The end of the world is, again, being widely reported as coming on Saturday. Or perhaps October, depending on how one reads the stars and planets. Which also depends on if one believes NASA when the space agency says a planet does not exist and therefore the Earth will be fine.
A man writing as David Meade, which he says on his website is a pen name, says that 33 is biblically an important number, and that Sept. 23 is 33 days since the total solar eclipse. He believes Niribu will rear its ugly head, bringing fire, storms and other types of destruction and herald the rapture.
Previous days that the world has not ended include:
▪ 1000 and 1033 A.D.: Some Christians thought the second coming of Jesus would be at the millennium or at his age plus 1000.
▪ May 19, 1910: The Earth passed through the tail of Halley’s Comet, causing gasses that would harm humanity. Earth passed through unscathed.
▪ 1878, 1881, 1914, 1918, 1925, 1975: Charles Taze Russell, a pastor from whom the Jehovah’s Witnesses and other religious groups developed, offered several possible years for the world’s end.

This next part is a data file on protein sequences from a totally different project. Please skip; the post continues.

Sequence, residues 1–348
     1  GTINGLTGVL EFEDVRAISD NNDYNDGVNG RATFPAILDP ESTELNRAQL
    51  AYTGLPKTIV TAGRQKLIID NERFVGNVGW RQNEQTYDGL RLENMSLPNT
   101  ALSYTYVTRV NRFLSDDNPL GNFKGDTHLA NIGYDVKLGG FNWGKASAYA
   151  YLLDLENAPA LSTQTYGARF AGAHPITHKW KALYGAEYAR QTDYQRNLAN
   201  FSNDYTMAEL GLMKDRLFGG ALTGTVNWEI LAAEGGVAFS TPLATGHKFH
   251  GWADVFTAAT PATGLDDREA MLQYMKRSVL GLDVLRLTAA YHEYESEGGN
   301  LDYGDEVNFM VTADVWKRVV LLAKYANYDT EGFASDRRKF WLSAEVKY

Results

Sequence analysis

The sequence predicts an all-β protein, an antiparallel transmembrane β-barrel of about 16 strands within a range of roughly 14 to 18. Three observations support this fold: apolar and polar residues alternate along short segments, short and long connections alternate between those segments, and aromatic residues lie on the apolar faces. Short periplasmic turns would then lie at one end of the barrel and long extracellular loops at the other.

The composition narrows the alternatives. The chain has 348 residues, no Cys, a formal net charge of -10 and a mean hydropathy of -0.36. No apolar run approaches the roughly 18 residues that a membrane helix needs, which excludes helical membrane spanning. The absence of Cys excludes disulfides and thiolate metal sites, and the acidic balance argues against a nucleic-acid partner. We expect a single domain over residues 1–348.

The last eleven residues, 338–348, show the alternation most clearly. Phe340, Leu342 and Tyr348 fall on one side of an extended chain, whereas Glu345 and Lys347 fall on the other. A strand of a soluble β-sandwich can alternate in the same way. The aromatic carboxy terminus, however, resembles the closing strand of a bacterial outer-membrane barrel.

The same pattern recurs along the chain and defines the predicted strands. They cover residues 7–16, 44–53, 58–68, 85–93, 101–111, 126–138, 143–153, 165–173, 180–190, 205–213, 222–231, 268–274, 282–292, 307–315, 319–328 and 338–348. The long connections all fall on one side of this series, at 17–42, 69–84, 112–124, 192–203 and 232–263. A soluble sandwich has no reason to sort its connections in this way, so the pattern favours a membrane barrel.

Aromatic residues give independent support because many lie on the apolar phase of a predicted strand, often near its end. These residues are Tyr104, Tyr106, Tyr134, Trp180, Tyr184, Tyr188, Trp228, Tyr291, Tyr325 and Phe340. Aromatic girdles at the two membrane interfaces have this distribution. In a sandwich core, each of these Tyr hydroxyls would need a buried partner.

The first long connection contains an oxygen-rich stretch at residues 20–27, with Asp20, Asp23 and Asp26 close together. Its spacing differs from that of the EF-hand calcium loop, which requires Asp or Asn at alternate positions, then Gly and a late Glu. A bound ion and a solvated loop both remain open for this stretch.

▪ March 10, 1982: Owing to “The Jupiter Effect,” by John Gribbin and Stephen Plagemann, planets would align with the sun and cause massive earthquakes.
▪ Jan. 1, 2000: Because computer coding programs were written with only a two-digit code for the year, some feared major problems with electricity, banking and other systems if the systems read the year 2000 for 1900. Instead, dates were expanded to include all four digits.
▪ May 21 and Oct. 21, 2011: Harold Camping, of the Family Radio network, determined the end of the world based on a 7000-year clock and the biblical flood.
▪ Dec. 21, 2012: Some thought the Mayan calendar ended on Dec. 21, 2012, so the world would, too.